From a grammatical point of view, Old English has many typological similarities with ancient Indo-European languages ​​such as Latin or Greek, and also German. Among these similarities are the presence of a morphological case in the name and the grammatical gender difference. The verbal system was more synthetic than that of modern English, which uses verbal Periphrasis and auxiliary verbs more.

Intermediate English

Middle English from the 14th and 15th centuriespresents important typological changes with respect to Old English. Middle English is typologically closer to Modern English and Romance languages ​​than Old English. The main difference between Middle English and Modern English is pronunciation. In particular, the large vowel shift greatly modified the vowel inventory, producing diphthongs from numerous long vowels and changing the opening degree of many monoptongs. The influence of the Norman nobility, coming to the island around this time, also left effects on the lexicon of Middle English that are still preserved today. This gives rise, for example, to the distinction between pig and pork,

From the 18th century on, the pronunciation of English was highly similar to that of modern English. And it is from that time that most of the phonetic changes that today are the basis of modern dialects began to take place.

Early Modern English

Early Modern English is the ancient form of English today, as a variant of the Anglo-Saxon language and Middle English in particular that was practiced until then.

It is the English that was spoken mainly during the Renaissance , and most commonly associated with the literary language of William Shakespeare .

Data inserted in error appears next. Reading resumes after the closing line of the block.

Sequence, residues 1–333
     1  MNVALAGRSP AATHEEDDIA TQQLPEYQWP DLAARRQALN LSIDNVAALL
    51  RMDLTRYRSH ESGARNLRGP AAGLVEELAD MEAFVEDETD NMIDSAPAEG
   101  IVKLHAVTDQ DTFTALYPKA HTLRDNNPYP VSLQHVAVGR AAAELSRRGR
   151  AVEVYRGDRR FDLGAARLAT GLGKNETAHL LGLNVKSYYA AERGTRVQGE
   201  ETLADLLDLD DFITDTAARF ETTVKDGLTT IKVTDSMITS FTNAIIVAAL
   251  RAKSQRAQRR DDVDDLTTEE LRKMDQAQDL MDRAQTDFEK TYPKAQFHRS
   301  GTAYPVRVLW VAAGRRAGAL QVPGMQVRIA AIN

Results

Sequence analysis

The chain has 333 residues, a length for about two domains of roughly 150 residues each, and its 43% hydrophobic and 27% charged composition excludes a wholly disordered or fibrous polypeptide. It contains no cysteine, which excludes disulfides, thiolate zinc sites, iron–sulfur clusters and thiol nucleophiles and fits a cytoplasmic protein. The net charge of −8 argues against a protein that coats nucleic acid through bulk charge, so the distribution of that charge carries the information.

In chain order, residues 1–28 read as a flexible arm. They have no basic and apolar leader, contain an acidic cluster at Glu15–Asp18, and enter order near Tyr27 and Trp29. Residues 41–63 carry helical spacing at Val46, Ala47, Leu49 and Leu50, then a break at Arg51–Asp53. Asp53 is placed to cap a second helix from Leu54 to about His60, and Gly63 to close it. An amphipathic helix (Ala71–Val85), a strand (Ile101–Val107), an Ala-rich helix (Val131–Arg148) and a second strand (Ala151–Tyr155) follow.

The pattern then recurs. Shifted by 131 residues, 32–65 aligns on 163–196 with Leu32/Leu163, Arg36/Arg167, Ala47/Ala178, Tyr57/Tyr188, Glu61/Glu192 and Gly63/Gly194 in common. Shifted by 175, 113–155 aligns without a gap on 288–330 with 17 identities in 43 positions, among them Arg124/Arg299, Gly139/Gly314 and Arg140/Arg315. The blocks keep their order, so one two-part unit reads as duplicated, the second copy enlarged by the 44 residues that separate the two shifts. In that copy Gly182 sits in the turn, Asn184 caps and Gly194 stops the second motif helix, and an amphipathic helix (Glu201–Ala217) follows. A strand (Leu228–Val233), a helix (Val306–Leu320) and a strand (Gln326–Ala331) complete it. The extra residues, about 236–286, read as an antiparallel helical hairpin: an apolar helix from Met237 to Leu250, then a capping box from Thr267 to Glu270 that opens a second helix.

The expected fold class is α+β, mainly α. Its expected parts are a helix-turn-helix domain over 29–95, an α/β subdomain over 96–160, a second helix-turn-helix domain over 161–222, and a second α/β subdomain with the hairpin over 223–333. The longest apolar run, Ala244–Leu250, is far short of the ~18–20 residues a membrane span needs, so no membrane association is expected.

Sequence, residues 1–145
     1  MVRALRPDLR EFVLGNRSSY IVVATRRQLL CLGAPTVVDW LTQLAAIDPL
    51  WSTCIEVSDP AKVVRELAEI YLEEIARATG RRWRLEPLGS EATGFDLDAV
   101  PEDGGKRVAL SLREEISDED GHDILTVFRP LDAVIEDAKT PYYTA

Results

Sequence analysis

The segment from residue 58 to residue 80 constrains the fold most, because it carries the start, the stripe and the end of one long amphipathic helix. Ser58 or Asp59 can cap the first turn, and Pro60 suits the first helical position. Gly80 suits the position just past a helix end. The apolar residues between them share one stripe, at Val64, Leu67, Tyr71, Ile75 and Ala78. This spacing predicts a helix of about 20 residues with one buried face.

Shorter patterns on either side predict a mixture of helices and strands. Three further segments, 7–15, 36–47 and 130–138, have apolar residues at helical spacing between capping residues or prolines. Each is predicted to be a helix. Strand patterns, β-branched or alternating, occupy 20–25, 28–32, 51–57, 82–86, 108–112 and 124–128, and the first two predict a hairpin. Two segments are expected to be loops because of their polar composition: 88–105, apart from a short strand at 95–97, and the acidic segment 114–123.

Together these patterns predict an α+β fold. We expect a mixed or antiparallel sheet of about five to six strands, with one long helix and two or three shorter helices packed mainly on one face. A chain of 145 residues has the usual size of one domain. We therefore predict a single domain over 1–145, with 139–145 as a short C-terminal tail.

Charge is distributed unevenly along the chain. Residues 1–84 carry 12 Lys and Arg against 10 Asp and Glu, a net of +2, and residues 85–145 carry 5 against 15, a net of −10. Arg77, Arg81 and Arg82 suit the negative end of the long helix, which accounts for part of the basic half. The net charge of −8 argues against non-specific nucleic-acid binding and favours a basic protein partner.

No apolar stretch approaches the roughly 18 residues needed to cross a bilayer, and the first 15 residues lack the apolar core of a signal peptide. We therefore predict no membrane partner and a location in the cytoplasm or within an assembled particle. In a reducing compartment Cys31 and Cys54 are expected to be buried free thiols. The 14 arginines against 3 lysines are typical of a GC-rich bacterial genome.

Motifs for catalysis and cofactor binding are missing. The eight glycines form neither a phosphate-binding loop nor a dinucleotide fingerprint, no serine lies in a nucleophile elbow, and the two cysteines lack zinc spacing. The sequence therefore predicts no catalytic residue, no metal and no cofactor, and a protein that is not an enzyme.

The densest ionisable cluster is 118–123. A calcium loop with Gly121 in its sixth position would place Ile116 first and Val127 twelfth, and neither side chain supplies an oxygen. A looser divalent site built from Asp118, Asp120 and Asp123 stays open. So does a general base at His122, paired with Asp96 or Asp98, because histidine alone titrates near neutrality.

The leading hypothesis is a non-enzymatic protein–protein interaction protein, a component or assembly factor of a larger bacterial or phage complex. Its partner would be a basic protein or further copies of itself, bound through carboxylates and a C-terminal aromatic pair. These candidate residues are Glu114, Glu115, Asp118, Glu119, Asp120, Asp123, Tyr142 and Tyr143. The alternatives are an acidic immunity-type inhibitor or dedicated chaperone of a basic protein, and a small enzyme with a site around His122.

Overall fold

Chronologically it is located between the 16th and 18th centuries in the areas populated by the Anglo-Normans ( approximately 1450 to 1700 ).

It is considered the most evolutionary phase and closest to English today, and was consolidated largely due to the rise of British letters in that historical period and the contribution made by other foreign languages.

Language family

English is an Indo-European language of the West Germanic group. Although due to the sociolinguistics of the British Isles since the Viking invasions and the subsequent Norman invasion, he has received important loans from the North Germanic languages ​​and French , and much of his lexicon has been reworked on the basis of Latin cultisms. The last two influences make English probably one of the most atypical Germanic languages ​​in terms of both vocabulary and grammar.

The living linguistic relative most similar to English is undoubtedly Frisian, a language spoken by approximately half a million people in the Dutch province of Friesland , close to Germany, and on a few islands in the North Sea . The similarity between Frisian and English is clearer when Old Frisian is compared to Old English, as the restructuring of English by foreign influences has made Modern English a language remarkably less similar to Frisian than it had been in old times.

Phonology and spelling

The varieties of English are very similar in terms of their pronunciation of the consonants, most of the interdialectal variations refer to the vowels.

Phonology

The English consonant inventory consists of 25 items (some varieties from Scotland and North America grow to 27 by including two additional voiceless fricatives ):

Lip Dental Alveolar Alv-pal To ensure Labiovelar Glotal
Occlusive / African / p /

p it

/ t /

t in

/ tʃ /

ch eap

/ k /

c ut

/ b /

b it

/ d /

d in

/ dʒ /

j eep

/ g /

g ut

Fricative /F/

f at

/ θ /

th in

/ s /

s ap

/ ʃ /

sh e

/ x / *

what ch

/ ʍ / *

wi ch

/ h /

h am

/ v /

v at

/ ð /

th in

/ z /

z ap

/ ʒ /

mea s ure

Nasal / m /

m ap

/ n /

n ap

/ ŋ /

ba n g

approximate / l /

l eft

/ ɹ /

r a

/ j /

And it is

/ w /

wait

The phonemes with an asterisk (*) are only present in some varieties of English (especially English from Scotland and some varieties from the USA and Canada ), the rest are universal and appear in all varieties. Each of these phonemes can present allophonic variations according to the phonetic context. For example, voiceless stops sound strongly aspirated at the beginning of the word and less aspirated preceded by s-. Compare pin [pʰɪn] / spin [spɪn], Kate [kʰeɪt] / skate [skeɪt], tone [tʰoʊn] / stone [stoʊn]